Special thanks to the Gulf of Maine Aquarium, source of the original
Increases in the ozone hole will result in damaging ultraviolet-B (UV-B) rays penetrating deep into the ocean. Increases in UV rays will harm young marine life, such as floating fish eggs, fish larvae, juvenile fish, and shrimp larvae. UV-B radiation also affects phytoplankton movement: orientation (movement up or down in the water in response to the amount of light) and motility (moving through the water). Inability to properly position themselves in the water column dramatically inhibits their ability to photosynthesize. Phytoplankton are called primary producers because they photosynthesize their food from sunlight. If phytoplankton are harmed by increases in the ozone layer, how will others in the Antarctic food web be affected?
Find out what will survive UV-B radiation in Antarctica.
Search on-line for information about the hole in the ozone layer over Antarctica. Given what you know about the role of phytoplankton in the food web, why are scientists concerned about thinning of the ozone layer? How will increases in the ozone hole harm young marine life and affect phytoplankton movement?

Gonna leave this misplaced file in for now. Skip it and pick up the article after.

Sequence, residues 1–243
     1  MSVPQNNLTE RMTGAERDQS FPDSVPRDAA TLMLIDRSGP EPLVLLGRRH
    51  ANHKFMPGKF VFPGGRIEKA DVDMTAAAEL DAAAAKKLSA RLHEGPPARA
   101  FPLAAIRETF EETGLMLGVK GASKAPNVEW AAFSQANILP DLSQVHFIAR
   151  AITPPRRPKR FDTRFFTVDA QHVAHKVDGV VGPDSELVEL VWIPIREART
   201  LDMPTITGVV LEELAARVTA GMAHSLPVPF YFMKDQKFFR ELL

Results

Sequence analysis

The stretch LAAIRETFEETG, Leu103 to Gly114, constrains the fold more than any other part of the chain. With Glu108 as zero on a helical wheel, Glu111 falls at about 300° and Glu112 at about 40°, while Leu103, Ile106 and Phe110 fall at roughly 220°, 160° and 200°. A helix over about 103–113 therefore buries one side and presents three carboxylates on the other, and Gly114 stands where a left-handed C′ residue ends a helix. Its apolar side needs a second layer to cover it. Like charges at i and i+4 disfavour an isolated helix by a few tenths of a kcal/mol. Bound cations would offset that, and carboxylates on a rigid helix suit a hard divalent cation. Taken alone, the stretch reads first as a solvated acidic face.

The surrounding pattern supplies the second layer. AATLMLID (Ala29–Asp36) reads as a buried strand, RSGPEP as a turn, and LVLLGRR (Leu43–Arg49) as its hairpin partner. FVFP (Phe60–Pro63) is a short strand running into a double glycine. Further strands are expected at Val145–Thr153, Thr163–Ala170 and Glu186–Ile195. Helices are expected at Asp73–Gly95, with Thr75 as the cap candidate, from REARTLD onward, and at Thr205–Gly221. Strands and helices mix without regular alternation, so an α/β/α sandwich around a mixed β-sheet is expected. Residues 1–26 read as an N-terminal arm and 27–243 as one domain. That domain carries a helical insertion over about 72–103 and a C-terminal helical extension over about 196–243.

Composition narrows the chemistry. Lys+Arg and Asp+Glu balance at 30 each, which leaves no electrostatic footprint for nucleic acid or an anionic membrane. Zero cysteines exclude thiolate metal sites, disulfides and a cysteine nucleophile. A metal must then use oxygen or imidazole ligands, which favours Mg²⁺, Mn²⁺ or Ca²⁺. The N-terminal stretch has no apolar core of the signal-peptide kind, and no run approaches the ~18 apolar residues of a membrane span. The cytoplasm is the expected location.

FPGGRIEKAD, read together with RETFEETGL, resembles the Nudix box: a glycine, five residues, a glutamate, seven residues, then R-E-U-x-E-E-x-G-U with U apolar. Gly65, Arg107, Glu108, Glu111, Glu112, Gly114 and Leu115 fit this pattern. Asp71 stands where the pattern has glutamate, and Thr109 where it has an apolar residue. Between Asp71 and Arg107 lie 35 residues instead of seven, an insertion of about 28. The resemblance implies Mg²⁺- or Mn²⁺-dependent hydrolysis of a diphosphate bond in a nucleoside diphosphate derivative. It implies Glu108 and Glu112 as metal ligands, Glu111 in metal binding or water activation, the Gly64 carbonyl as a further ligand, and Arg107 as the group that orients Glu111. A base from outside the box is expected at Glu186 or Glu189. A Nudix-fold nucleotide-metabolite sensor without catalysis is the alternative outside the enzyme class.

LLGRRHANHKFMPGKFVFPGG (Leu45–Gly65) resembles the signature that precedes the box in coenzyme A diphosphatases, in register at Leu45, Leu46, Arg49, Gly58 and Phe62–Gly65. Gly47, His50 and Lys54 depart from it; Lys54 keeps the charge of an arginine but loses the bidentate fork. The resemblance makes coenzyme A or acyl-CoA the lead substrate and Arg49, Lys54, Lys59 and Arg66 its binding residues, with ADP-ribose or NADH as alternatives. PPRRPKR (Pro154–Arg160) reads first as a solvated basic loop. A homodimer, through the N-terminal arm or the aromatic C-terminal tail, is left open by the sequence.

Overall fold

Look up the number of daylight hours at different latitudes as spring goes into summer in Antarctica. Contrast length of daylight in your area with what scientists in Antarctica are experiencing. Palmer Station is at about 64 degrees S.
Excellent Antarctic Food Web lesson "Who Eats Who In the Antarctic?"
by Kim Kovich.
AGU report on the effects of UV on phytoplankton in the Southern Ocean.